I’ve been thinking about carbon policy lately (shocker, I know), prompted by recent interactions with Monica Prasad, Peter Barnes, and our own Sean Casten. The more I think about it, the more one of the central tensions becomes clear to me.

Here are three goals for good climate legislation:

  1. Simplicity: The bill should not be hundreds of pages long, packed with addenda, loopholes, provisos, and over-specifications. Complexity boxes out ordinary citizens and insures gaming, rent-seeking, and inefficiency.
  2. Political buy-in: Reducing emissions the amount science indicates will likely occupy us for the next century. It is critically important that whatever system is put in place has broad and enduring political support.
  3. Efficiency in reductions: The system should achieve maximum emission reductions for minimum cost (or maximum profit).

Here’s the problem: As I see it, you need 1 to get either 2 or 3. I see how you can get 1 and 2. And I see how you can get 1 and 3. But I don’t see how you get all three at once.

Let me unpack that a little, saving No. 1 for last.

Political buy-in:

Politics is complex, but I think the formula for political support is fairly simple: low (visible) costs + high (visible) benefits = political buy-in.

"Visible" because most people do not assess legislation empirically or even rationally. They respond based on low-information heuristics, preexisting biases, and emotional signals. If you threaten them with tangible, immediate costs and promise diffuse, long-term benefits, you’re going to have a rough time of it. Conversely, if you promise tangible, immediate benefits and impose diffuse, long-term costs, your chances for success rise sharply. As long as benefits remain tangible and the costs diffuse, you’ve got a perpetual political motion machine.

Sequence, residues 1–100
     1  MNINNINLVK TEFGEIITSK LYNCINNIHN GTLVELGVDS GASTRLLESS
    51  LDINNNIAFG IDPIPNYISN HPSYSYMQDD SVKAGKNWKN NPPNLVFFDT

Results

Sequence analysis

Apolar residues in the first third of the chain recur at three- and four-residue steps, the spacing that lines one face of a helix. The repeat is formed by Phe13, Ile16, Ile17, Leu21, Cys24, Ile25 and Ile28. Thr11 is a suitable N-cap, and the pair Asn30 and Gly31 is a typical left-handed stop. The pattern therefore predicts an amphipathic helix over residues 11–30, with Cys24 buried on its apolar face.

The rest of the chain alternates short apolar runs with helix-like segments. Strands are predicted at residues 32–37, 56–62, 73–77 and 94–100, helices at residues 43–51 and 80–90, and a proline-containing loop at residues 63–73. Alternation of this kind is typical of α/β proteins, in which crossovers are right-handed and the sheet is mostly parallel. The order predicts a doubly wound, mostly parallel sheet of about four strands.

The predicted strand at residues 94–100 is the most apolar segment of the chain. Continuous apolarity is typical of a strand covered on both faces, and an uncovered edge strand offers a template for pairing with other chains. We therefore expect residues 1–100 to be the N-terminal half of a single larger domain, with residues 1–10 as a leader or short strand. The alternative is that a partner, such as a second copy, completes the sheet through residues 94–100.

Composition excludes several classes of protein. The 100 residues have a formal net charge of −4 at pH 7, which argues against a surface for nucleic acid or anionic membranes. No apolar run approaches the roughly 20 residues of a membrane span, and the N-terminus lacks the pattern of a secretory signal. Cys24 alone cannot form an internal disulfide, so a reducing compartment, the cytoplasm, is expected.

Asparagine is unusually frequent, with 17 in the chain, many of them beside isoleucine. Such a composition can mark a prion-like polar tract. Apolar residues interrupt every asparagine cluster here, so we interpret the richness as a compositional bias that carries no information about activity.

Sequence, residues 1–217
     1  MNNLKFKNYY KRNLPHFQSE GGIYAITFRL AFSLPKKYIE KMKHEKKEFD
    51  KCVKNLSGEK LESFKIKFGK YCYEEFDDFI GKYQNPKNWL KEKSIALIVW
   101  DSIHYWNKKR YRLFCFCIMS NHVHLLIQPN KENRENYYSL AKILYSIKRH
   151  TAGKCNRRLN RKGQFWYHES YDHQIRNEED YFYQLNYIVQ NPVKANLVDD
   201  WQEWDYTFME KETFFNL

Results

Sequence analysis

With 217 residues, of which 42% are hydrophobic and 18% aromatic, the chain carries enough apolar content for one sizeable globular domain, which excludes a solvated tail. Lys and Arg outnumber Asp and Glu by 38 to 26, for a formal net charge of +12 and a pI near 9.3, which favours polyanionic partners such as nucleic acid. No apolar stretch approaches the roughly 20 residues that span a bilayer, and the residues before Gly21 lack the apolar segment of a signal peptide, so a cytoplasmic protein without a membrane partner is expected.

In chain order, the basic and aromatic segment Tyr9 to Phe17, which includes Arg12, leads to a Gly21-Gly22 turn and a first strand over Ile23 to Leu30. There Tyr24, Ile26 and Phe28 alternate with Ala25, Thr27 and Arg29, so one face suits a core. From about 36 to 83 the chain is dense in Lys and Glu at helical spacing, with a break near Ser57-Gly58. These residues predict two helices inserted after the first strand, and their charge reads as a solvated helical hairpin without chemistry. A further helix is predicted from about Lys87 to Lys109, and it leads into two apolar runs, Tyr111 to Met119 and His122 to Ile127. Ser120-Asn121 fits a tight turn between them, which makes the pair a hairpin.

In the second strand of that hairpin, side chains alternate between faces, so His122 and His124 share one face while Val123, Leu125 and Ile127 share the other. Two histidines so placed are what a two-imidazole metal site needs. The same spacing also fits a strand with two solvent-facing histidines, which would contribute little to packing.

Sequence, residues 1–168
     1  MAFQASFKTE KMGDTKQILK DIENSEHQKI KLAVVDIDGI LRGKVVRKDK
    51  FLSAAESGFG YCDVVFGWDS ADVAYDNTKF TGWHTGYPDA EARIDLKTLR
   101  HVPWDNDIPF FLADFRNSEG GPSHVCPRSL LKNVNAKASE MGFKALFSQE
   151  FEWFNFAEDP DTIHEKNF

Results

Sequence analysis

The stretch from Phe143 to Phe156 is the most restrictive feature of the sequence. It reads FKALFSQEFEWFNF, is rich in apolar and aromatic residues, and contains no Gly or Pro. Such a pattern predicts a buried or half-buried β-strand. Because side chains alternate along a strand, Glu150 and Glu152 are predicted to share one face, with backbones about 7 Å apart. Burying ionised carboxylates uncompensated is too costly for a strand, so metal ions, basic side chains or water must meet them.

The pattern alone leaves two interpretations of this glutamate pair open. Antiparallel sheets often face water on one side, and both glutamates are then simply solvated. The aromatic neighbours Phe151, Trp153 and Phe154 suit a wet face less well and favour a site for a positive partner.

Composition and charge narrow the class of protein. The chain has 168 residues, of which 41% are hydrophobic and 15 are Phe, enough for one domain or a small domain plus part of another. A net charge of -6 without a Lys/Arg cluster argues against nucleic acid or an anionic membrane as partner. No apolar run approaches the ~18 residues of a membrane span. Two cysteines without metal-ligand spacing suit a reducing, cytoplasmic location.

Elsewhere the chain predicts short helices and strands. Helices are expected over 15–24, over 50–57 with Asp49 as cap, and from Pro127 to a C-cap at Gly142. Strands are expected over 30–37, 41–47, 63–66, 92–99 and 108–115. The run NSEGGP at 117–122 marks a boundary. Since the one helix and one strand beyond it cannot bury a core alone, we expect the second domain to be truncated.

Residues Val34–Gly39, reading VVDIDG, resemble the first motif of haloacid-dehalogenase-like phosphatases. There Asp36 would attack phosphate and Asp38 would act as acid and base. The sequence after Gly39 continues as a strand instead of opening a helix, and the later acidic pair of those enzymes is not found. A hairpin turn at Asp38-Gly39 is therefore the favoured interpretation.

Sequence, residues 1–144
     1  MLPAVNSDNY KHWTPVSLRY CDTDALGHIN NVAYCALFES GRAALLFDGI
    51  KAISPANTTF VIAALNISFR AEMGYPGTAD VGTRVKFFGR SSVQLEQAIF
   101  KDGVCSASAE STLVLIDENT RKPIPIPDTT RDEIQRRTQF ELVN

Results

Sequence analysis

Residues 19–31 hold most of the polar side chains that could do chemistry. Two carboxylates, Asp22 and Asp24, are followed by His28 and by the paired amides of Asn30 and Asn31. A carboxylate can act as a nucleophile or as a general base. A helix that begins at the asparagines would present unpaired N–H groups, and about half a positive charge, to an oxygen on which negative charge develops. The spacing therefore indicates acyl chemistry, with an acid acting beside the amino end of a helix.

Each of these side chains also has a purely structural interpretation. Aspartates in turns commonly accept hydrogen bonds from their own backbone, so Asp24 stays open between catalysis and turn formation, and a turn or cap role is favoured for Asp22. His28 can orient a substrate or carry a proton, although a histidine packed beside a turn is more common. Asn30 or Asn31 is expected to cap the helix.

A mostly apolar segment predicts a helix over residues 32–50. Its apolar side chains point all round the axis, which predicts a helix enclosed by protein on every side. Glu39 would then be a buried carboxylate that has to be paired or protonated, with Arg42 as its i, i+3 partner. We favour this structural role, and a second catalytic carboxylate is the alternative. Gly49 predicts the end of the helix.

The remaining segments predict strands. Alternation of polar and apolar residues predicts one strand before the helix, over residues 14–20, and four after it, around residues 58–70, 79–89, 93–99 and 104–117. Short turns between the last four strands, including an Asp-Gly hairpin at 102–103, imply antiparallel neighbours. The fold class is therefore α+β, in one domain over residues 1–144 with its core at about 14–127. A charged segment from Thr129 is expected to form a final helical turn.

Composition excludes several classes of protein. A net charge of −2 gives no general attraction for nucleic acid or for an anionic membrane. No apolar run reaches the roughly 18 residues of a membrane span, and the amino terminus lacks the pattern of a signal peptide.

Efficiency in reduction:

Maximum efficiency requires two things. First, in a given sector, you set up a system that transfers capital directly from those over-emitting to those reducing emissions, in an agnostic fashion — that is, preferencing no particular set of technologies or practices. A ton of CO2 ought to be worth the same no matter how it is emitted or prevented, and there should be no net loss of capital in the sector (as there would be if the feds took the revenue and spent it on other things). Second, you remove existing regulatory barriers to that capital flow. As long as capital continues flowing from emitters to savers, you’ve got a perpetual economic motion machine.


Simplicity means the system can be explained in an elevator. The further you get from simplicity, the more citizens tune out, the more politicians have license to propagandize, and the more business interests have room to game the system to their benefit.

The difficulty is, when you try to balance political buy-in and efficiency, you lose simplicity. You get Frankenstein bills like Lieberman-Warner.

L-W tries to get political buy-in by allocating some of the permits for free to polluters, on the theory that it keeps costs lower for ratepayers in coal states and vouchsafes the support of coal legislators. It also uses auction revenue as a slush fund, specifying recipients in great detail, up to 38 years out.

It tries to achieve efficiency by collecting auction revenue and plowing some if it back into favored technologies and industries.

In the end, it fails on all three counts — it is complex, politically fragile, and inefficient.

Now here’s the problem: I know of a climate policy proposal that achieves sublime simplicity and stable political buy-in. I know of another that achieves comparable simplicity and exquisite efficiency. (In my next post I’ll compare the two.) But I know of no proposal that achieves all three.